Taking a page out of the book that is Aaron Rodgers (what a fascinating, yet horrifying read that would be), Nick Wright challenged the New York Jets quarterback to a debate about his “comeback.” Openly mocking Rodgers, Wright said on FS1’s First Things First on Monday, “I try to be curious and not judgmental.” That, Read more…
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Taking a page out of the book that is Aaron Rodgers (what a fascinating, yet horrifying read that would be), Nick Wright challenged the New York Jets quarterback to a debate about his “comeback.”
Openly mocking Rodgers, Wright said on FS1’s First Things First on Monday, “I try to be curious and not judgmental.” That, of course,is a direct reference to Rodgers telling former Kansas City Chiefs offensive lineman Mitchell Schwartz to be curious, rather than judgmental, when questioning his thought process on going on a four-day darkness retreat.
Or it’s a direct reference to Apple TV’s Ted Lasso. But we’re more inclined to believe that Wright was taking a swipe at Rodgers here.
Rodgers emerged from the darkness, announced it was his intention to play for the Jets, and then tore his Achilles tendon just four plays into the season. Now, Rodgers is on the path to recovery and has hinted at a possible return this season.
Last month Rodgers pointed out “There are a lot of different views on the expected length of the rehab” and “just because somebody hasn’t ever done it a certain way, doesn’t mean it’s not possible.”
The quarterback added, “Give me your doubts … and then watch what I do.”
Well, he has doubt in the form of Nick Wright.
“I try to be curious and not judgmental.”
— @getnickwright challenges Aaron Rodgers to a debate about his “comeback” ? pic.twitter.com/dKQuruZcE8
— First Things First (@FTFonFS1) October 16, 2023
“Listen, I try to be curious and not judgmental, and that’s why I’m curious about this,” Wright said Monday. “So I, in the spirit of good-natured repartee and us all becoming smarter, I challenge Aaron Rodgers to a debate about this. He can bring Dr. James Andrews. I’ll bring Dr. David Chao…We can all learn.”
“He can have his expert. I can have my expert. And the question will just be, ‘If you’re trying to get back to playing football, is for lack of a better term putting on a show in front of the cameras and cosplaying that you’re healthy is that good or bad for your recovery?’ I don’t know. His expert can debate my expert.”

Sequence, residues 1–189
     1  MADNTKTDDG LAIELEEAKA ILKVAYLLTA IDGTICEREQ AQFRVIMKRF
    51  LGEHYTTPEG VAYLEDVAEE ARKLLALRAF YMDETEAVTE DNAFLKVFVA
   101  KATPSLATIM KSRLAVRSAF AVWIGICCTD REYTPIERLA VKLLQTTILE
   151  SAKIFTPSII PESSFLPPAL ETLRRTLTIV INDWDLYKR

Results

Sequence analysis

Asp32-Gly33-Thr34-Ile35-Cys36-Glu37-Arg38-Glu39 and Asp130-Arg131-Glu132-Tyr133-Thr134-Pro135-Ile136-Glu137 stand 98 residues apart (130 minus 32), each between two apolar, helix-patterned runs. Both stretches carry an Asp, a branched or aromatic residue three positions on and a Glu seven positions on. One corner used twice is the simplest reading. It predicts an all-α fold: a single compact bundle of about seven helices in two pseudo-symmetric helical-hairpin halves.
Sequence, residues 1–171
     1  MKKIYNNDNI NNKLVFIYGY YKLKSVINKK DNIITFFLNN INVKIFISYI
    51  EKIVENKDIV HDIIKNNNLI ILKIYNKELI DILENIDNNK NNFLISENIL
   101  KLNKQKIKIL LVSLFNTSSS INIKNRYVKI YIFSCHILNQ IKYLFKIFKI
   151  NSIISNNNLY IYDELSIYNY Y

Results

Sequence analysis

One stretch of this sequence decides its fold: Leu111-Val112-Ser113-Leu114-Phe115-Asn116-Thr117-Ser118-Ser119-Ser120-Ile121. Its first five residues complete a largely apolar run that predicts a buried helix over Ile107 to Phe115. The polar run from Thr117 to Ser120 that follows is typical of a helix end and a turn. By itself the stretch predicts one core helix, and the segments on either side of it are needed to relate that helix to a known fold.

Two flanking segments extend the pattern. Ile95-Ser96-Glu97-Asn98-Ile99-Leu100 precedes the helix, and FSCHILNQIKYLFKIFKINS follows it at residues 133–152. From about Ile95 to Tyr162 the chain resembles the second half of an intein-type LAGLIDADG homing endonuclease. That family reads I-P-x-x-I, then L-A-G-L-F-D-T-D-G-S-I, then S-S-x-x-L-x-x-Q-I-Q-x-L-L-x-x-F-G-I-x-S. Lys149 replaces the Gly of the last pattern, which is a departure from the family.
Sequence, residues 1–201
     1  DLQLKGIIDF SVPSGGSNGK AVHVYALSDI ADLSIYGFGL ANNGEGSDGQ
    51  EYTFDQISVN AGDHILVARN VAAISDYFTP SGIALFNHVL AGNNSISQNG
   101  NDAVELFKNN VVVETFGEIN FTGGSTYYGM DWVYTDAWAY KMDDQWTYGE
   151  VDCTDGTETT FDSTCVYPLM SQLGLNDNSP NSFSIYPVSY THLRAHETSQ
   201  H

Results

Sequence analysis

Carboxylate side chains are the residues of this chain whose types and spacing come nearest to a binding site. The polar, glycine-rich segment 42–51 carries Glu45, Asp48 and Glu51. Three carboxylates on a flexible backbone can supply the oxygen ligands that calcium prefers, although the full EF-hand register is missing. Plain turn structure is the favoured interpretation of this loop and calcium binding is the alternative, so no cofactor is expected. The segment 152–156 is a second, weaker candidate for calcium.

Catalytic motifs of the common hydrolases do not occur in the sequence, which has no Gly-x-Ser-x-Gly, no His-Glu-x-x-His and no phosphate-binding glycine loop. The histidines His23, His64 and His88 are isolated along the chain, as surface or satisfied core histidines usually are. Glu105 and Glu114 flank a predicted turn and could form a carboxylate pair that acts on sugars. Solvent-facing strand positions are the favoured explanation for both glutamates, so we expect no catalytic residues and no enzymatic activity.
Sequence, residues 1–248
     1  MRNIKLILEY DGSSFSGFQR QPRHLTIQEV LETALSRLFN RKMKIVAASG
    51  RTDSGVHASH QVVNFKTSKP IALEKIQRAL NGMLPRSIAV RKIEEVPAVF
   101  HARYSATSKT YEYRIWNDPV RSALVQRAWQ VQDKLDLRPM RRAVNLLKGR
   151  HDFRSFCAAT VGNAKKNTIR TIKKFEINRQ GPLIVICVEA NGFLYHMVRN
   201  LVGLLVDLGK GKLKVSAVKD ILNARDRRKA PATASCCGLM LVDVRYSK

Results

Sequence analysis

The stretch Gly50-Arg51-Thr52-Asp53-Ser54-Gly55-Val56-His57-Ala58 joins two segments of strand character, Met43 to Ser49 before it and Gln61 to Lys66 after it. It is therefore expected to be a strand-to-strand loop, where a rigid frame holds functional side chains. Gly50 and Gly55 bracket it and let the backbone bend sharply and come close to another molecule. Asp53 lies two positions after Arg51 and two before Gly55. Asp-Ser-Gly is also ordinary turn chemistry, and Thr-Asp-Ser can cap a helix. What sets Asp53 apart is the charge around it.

Wright’s decision to say he’ll bring in Chao is a curious one. Rodgers isn’t exactly a friend to science or the medical community, with his anti-vax takes. But Chao, otherwise known as “Pro Football Doc,” has an extensive rap sheet of alleged medical malpractice that’s frankly quite dark.
Once the team doctor for the Los Angeles Chargers, Chao has been sued by nearly two dozen patients and accused of aiding his former medical partner’s addiction to prescription painkillers. The California Medical Board, which placed Chao on five-year probation in 2014, investigated him for prescribing Ambien to Junior Seau in the months prior to his suicide.
As far as Rodgers’ expert is concerned, why would it be Dr. James Andrews? He is an orthopedic surgeon for knee, elbow and shoulder injuries; specializing in repairing damaged ligaments. He also didn’t perform Rodgers’ surgery. That was conducted by renowned orthopedic surgeon Dr. Neal ElAttrache, who placed an internal brace called a speed bridge on Rodgers’ Achilles.
NFL players like Cam Akers and Terrell Suggs have returned in fewer than six months. But even that is rare no matter how adventurous your rehab methods are. A six-month recovery would put Rodgers back on the field in March, too late to rejoin the team.
After Rodgers was seen Sunday walking without crutches or a boot on Sunday and able to throw a football, ESPN’s Mike Greenberg is unsurprisingly all-in on the medical miracle that would seemingly defy everything we know about science.
But out of the things you could debate Rodgers on, why would this be it?
Perhaps Rodgers should bring Greenberg with him to debate Wright instead.
[First Things First on Twitter]